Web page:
Looking at the lives of his patients, Dalrymple writes that the results have been disastrous: “What I saw was human conduct as it becomes when the requirement to conform to inherited social restraints no longer exists, when it is left to the whim of individuals how to behave. The result is an urban hell.” Dalrymple's well-written diagnosis of our social ills comes from his first-hand experience with their symptoms. His arguments persuade the reader of the need for good preconceptions in an age prejudiced against them.
by Jacques Philippe
Scepter, 134 pages, $9.95 (paper)
In a world that places more demands on people's shoulders than ever before—from keeping up with endless strains of e-mail to meeting the next deadline, from keeping the boss happy to keeping the spouse and kids happy—how does the Christian retain a sense of freedom? In his beautifully written Interior Freedom, Fr. Jacques Philippe takes readers by the hand to rediscover the freedom that comes from Christ alone.
While the peace of God surpasses all understanding, Philippe makes it seem attainable as he draws from Scripture, literature, and the saints to offer simple advice on how to find peace in the midst of our complicated modern lives.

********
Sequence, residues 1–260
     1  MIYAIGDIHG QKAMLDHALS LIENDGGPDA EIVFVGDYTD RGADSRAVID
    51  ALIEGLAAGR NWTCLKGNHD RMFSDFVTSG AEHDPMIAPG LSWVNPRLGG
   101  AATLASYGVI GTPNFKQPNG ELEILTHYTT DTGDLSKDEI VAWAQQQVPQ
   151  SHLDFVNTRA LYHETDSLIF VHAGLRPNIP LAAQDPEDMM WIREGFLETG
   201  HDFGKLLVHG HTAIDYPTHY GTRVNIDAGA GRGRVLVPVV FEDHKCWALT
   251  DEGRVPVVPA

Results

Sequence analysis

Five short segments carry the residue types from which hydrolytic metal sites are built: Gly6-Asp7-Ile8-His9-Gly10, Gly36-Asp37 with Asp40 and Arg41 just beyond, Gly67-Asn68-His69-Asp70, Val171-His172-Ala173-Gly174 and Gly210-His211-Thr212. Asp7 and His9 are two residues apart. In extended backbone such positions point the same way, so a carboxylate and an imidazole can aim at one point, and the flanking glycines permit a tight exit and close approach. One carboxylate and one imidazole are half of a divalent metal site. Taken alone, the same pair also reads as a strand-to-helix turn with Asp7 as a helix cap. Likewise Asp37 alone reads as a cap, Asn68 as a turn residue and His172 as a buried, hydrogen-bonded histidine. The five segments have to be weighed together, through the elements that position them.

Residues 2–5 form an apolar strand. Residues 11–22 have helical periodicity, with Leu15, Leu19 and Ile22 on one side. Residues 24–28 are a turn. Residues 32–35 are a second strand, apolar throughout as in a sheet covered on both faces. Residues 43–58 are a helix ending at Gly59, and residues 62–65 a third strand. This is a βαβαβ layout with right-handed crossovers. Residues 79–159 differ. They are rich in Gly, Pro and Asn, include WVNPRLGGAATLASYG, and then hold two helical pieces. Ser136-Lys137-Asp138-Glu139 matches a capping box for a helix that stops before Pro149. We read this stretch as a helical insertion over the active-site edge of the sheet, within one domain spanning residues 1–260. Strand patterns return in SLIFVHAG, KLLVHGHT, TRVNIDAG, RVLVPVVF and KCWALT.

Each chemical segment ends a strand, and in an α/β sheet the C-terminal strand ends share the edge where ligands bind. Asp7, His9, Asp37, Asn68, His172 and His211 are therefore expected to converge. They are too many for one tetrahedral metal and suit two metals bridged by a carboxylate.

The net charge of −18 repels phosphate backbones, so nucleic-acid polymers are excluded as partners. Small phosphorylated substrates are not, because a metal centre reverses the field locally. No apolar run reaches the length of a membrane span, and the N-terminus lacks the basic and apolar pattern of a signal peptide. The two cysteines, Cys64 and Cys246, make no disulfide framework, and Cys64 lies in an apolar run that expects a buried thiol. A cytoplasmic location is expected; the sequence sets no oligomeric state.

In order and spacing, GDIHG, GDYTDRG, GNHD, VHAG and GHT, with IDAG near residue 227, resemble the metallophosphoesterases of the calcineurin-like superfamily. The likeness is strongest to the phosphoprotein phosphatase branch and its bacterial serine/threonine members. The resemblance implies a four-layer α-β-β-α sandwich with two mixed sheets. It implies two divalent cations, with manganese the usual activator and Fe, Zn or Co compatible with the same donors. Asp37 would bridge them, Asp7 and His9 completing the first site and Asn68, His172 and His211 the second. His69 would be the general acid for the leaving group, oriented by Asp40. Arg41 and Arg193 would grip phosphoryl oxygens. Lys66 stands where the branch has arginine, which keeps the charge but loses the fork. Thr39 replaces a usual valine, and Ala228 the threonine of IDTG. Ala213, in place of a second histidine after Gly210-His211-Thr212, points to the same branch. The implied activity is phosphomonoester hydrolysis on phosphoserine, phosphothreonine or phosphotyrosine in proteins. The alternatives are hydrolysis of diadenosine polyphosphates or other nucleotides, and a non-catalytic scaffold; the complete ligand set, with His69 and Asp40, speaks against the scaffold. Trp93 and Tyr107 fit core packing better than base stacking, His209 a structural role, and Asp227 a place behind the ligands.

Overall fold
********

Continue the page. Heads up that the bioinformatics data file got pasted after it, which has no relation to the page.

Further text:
This inner peace comes from the freedom offered in Christ. And learning to accept ourselves and the situation in which God has placed us is the first step to beginning the transformation that he desires for us. As we come to realize that our true happiness lies not in the will to power but in the power given to us by Christ to accept and follow the will of God, we will begin to experience true interior freedom—even in the midst of exterior burdens and chaos.
Philippe touches on the trials that other people may cause in our lives, the redeeming purpose of suffering, the dynamic that grace and law exercise in our response to the gospel, and the daily necessity of the theological virtues of faith, hope, and love. Of course, the greatest of these—and what we will take with us into eternity—is love. And Philippe counsels readers that the best way to prepare for eternal life is to live love in the present moment. The truly free person “is the one who has nothing left to lose,” for he has realized that all of life is a gift of love, to be given and received freely. Written in short digestible segments, Interior Freedom is a perfect book to use for inspiration during times of prayer, as devotional reading, and to keep on your nightstand.